08th Jul2019

‘Swing Time’ Blu-ray Review (Criterion)

by Rupert Harvey

Stars: Fred Astaire, Ginger Rogers, Victor Moore, Helen Broderick, Eric Blore | Written by Howard Lindsay, Allan Scott | Directed by George Stevens


Dazzling dancer “Lucky” (Fred Astaire) steps off stage and straight into his wedding outfit. But his colleagues don’t want to lose their star player to some dame, so they find ways to stop him. Lucky’s lateness triggers a fit of rage in the father of the would-be bride, and he issues an ultimatum: Lucky must go to New York, build a fortune, and return only when he earns the status (i.e. money) to marry his daughter.

Moments later, Lucky is in the Big Apple, where he falls in love with literally the first girl he meets. In classic rom-com stalker style, Lucky pursues Penny (Ginger Rogers) against her wishes. He chases her into a dance studio, where he masquerades as an amateur in order to humiliate her and be close to her. Persistence pays off – they dance together and are utterly compatible; totally in step. But what about the girl he left back home?

The old tropes are out in force for 1936 RKO dance-musical Swing Time. Lucky is the lovable rascal and Penny the sceptical-yet-sexy buzzkill. Lucky has a good-hearted clutz of a sidekick (an awkward Victor Moore), and naturally Penny has her sardonic and disapproving older friend and guardian, Mabel (Helen Broderick). The one black person we see is a goggle-eyed, jolly old servant. Sigh.

Swing Time is bookended by a long-winded pair of jokes about trouser cuffs, which raises a smile not because it’s funny but because it highlights the dated and unrelatable humour. It’s not a very funny or charming film. Ironically, the comedy delivery throughout lacks flow and rhythm. The problem lies in the thudding screenplay, with its eye-rolling, sub-sitcom dialogue. The only thing that’s missing is a ba-dum-tish after each lame zinger.

Moreover, the basic story is contrived and nonsensical. Lucky must earn twenty-five grand to return to his fiancée. Except by his own admission he doesn’t love her anyway. So, where is the drama here? It kills the tension between Lucky and Penny, making his writhing reluctance when she offers herself to him illogical. After all, wasn’t he aggressively pursuing her not ten minutes ago?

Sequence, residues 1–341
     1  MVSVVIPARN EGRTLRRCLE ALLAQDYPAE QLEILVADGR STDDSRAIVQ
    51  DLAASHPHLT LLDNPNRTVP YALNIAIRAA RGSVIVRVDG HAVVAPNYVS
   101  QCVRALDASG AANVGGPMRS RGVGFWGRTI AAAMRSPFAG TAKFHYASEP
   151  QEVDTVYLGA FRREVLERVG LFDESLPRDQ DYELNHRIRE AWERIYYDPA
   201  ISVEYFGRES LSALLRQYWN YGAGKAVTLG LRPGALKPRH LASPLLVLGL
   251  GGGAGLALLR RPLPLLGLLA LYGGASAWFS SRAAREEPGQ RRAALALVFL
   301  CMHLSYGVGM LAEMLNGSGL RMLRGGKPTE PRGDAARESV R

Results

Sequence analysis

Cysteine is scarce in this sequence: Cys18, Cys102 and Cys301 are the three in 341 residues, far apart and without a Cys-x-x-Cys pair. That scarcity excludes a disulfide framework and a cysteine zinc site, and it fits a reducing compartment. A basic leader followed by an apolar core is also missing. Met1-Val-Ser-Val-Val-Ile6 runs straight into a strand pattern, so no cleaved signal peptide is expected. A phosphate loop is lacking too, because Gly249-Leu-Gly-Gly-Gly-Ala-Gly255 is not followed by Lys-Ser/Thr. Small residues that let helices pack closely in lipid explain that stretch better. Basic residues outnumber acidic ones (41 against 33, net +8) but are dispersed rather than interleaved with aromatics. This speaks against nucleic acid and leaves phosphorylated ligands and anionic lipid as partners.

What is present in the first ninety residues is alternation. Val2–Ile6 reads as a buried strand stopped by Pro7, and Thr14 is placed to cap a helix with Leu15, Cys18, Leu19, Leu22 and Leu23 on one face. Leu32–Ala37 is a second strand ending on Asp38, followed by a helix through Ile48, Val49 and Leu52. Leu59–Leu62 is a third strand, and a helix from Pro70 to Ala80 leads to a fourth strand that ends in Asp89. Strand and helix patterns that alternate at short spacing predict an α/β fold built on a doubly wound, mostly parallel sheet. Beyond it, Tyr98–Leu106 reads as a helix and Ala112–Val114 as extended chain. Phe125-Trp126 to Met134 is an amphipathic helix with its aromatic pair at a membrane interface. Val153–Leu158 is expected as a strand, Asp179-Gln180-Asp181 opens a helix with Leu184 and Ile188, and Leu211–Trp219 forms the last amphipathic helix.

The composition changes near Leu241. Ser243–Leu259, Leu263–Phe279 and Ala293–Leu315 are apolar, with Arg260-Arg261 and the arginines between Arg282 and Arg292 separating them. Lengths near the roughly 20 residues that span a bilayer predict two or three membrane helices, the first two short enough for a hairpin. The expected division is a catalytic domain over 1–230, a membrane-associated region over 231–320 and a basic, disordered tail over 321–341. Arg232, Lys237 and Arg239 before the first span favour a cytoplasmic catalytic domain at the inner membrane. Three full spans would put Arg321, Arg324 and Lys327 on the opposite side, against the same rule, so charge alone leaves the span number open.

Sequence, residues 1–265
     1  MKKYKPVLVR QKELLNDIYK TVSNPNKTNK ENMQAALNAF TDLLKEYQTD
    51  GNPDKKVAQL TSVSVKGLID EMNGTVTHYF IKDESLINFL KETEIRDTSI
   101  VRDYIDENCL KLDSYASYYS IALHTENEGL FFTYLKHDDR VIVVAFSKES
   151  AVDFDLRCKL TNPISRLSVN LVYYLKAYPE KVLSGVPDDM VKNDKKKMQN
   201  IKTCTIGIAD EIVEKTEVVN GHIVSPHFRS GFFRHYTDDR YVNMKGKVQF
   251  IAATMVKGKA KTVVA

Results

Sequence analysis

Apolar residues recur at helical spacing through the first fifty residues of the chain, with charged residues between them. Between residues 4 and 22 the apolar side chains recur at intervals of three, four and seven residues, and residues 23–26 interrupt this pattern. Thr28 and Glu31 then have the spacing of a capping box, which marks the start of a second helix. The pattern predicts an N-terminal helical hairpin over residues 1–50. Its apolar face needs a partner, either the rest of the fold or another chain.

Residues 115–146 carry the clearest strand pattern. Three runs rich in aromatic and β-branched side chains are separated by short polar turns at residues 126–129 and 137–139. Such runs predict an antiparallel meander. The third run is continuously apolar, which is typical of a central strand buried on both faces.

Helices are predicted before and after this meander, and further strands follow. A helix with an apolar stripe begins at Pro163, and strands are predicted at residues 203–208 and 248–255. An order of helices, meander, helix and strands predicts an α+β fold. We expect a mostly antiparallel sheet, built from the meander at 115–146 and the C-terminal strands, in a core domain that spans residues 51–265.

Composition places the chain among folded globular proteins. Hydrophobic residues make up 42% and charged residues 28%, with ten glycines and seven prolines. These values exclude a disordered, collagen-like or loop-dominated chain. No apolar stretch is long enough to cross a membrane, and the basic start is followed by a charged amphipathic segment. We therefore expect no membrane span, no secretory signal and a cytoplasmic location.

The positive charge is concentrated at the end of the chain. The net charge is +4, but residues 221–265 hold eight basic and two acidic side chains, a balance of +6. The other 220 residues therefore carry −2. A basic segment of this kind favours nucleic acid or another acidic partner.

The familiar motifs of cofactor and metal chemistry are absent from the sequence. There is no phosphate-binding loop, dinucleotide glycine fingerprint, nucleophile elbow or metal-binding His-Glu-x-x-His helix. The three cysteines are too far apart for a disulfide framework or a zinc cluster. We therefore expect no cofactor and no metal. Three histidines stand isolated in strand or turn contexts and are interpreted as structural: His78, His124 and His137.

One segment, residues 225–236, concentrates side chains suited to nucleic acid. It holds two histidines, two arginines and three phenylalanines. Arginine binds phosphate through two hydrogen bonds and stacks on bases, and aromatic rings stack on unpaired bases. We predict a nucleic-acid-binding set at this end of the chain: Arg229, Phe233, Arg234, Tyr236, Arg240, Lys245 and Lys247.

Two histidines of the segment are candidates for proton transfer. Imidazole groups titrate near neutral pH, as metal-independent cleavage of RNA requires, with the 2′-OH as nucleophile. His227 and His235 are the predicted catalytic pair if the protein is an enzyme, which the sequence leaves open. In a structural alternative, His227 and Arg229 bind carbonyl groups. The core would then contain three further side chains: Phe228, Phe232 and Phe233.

The final act is a farce that falls flat, as Penny falls into the slimy arms of Lucky’s alpha male competitor (Georges Metaxa) by default, simply because the practicalities of marrying Lucky himself aren’t ideal. Marriage might have been an inescapable pathway back then; and how contrived this section feels is surely indicative of western society’s changing attitudes. No longer is betrothment the unbreakable contract it once was (thankfully); and no longer is there an assumption that women approaching thirty simply must be married, regardless of real choice.

The plot is a mere hindrance to some decent musical dance numbers, anyway. Despite Swing Time being the last of the once-indomitable pair’s blockbuster run, Rogers and Astaire are in good form. Lucky and Penny’s “audition” at the dance studio is a playful and inventive delight; there’s a lovely piano rendition of “The Way You Look Tonight”; and the “Never Gonna Dance” finale is moving storytelling in more than one sense.

Sadly, one spectacular centrepiece number is rendered virtually unwatchable with modern eyes as Astaire is smeared in blackface. It’s a pity because Hermes Pan designs some great VFX work during this section, portraying Lucky dancing before three giant silhouettes of himself.

In some ways, Swing Time was progressive for its time. The countercultural idea of compatibility being key – the value of walking in step rather than locking into duty – is laudable. And there’s no denying the tuxes and gowns are pure, timeless glam. In other ways, it’s is a relic of a distant past, bound up in the alien values and sensibilities of its era. It has the pacing of a stage play: one ten-minute farce after another, swallowing valuable screen time between the dancing. Because that’s where the money is: in those magical moments where monochrome celluloid becomes vibrant. Everything between is fairly drab.

Special Edition Features:

  • New 2K digital restoration, with uncompressed monaural soundtrack
  • Audio commentary from 1986 featuring John Mueller, author of Astaire Dancing: The Musical Films
  • Archival interviews with performers Fred Astaire and Ginger Rogers and choreographer Hermes Pan
  • New interview with George Stevens Jr.
  • In Full Swing, a new programme on the film’s choreography and soundtrack featuring jazz and film critic Gary Giddins, dance critic Brian Seibert, and Dorothy Fields biographer Deborah Grace Winer
  • New interview with film scholar Mia Mask on the “Bojangles of Harlem” number
  • PLUS: An essay by critic Imogen Sara Smith

Swing Time is out on Criterion Blu-ray from today, 8 July 2019.


Comments are closed.